Twilight bounds softly forth on the grass. 
And the eyes of those two Indian ponies 
Darken with kindness. 
They have come gladly out of the willows 
To welcome my friend and me. 
We step over the barbed wire into the pasture 
Where they have been grazing all day, alone. 
They ripple tensely, they can hardly contain their happiness 
That we have come. 
They bow shyly as wet swans. They love each other. 
There is no loneliness like theirs. 
At home once more, 
They begin munching the young tufts of spring in the darkness. 
I would like to hold the slenderer one in my arms, 
For she has walked over to me 
And nuzzled my left hand. 
She is black and white, 
Her mane falls wild on her forehead, 
And the light breeze moves me to caress her long ear 
That is delicate as the skin over a girl's wrist. 
Suddenly I realize 
That if I stepped out of my body I would break 
Into blossom.



~ James Wright
from Above the River







Monday, December 7, 2015

the present has abated its urgencies






For people who live in the country there is a charming freedom in such days. One is free of obligations to the ground.  There is no outside work that one ought to do, simply because, with the ground frozen deep and covered with snow, no such work is possible.  Growth has stopped; there is plenty of hay and grain in the barn; the present has abated its urgencies.  The mind may again turn freely to the past and look back on the way it has come.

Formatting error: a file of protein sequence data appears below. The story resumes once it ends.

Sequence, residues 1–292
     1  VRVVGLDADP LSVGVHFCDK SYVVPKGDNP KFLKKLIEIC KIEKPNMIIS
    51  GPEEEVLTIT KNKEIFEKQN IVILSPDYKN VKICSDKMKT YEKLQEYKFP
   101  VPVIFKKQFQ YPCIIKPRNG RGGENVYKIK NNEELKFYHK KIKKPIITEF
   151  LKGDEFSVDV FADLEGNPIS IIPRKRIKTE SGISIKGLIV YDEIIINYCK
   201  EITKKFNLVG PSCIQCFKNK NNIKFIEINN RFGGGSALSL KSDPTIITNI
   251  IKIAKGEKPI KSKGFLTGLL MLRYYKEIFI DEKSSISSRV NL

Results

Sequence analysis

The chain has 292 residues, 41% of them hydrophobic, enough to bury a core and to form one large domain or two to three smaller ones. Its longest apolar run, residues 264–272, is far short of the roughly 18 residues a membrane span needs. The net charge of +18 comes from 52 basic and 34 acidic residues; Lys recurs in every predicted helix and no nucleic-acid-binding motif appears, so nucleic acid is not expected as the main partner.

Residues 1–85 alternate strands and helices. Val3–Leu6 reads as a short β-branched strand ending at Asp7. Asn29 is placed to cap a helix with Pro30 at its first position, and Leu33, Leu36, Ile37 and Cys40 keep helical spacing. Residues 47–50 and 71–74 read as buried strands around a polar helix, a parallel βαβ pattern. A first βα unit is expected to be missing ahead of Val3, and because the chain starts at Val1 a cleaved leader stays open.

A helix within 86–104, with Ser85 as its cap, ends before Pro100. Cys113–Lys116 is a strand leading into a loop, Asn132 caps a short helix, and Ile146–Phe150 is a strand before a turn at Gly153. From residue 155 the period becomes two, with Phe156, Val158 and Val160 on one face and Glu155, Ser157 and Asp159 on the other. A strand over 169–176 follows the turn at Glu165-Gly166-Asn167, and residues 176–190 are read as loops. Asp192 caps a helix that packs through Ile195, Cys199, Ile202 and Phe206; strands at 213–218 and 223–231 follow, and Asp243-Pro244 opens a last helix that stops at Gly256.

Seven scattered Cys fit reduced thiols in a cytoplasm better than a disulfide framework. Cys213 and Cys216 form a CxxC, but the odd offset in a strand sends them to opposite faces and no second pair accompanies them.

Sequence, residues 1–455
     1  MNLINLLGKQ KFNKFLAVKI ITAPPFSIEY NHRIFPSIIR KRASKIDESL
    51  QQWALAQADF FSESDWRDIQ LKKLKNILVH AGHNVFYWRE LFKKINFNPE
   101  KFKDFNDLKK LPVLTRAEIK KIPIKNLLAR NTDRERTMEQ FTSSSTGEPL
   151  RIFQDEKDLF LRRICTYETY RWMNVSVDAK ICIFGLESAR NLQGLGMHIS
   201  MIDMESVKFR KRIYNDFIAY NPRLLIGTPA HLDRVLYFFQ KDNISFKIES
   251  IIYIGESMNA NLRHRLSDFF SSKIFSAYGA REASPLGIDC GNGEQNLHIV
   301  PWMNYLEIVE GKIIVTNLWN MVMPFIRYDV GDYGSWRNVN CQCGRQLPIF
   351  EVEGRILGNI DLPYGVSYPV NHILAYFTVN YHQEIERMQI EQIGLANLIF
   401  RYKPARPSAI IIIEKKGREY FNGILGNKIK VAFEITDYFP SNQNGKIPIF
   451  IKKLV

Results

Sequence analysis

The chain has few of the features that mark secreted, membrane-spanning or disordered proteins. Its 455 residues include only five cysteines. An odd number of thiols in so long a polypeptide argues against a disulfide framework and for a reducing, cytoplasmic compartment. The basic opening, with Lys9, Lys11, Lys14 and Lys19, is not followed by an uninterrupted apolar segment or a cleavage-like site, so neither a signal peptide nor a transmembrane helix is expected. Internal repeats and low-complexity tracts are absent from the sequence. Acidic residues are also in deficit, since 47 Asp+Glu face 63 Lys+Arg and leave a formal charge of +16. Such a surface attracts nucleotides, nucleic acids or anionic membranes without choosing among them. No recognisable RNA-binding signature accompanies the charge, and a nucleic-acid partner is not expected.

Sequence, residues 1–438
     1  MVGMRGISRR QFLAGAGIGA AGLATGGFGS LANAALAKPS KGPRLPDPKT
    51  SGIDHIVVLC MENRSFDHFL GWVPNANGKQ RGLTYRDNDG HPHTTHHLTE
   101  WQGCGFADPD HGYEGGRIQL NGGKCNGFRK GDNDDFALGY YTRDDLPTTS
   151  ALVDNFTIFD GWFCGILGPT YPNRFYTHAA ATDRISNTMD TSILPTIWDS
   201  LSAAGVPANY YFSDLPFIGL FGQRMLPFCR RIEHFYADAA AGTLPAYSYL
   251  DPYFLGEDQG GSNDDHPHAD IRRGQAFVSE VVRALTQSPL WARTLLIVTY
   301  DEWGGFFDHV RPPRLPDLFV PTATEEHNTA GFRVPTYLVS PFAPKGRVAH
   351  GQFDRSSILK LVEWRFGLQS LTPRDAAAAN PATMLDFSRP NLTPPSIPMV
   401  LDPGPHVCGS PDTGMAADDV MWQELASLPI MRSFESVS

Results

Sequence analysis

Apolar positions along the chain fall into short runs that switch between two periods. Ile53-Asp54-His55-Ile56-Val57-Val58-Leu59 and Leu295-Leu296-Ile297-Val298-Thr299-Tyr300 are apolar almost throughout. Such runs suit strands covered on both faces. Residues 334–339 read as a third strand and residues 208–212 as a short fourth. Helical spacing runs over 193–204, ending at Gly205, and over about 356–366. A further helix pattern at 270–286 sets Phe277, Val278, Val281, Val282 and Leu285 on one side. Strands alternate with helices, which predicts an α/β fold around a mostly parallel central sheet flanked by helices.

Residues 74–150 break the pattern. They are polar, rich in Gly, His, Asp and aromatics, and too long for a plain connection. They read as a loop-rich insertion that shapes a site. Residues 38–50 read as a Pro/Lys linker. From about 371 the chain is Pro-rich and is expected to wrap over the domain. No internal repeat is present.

This morning has been bearing down out of the future toward this bit of riverbank forever. And for perhaps as long, in a sense, my life has been approaching from the opposite direction. The approach of a man's life out of the past is history, and the approach of time out of the future is mystery. Their meeting is the present, and it is consciousness, the only time life is alive. The endless wonder of this meeting is what causes the mind, in its inward liberty of a frozen morning, to turn back and question and remember. The world is full of places. Why is it that I am here?




- Wendell Berry
from The Long-Legged House
photo by Harry Callahan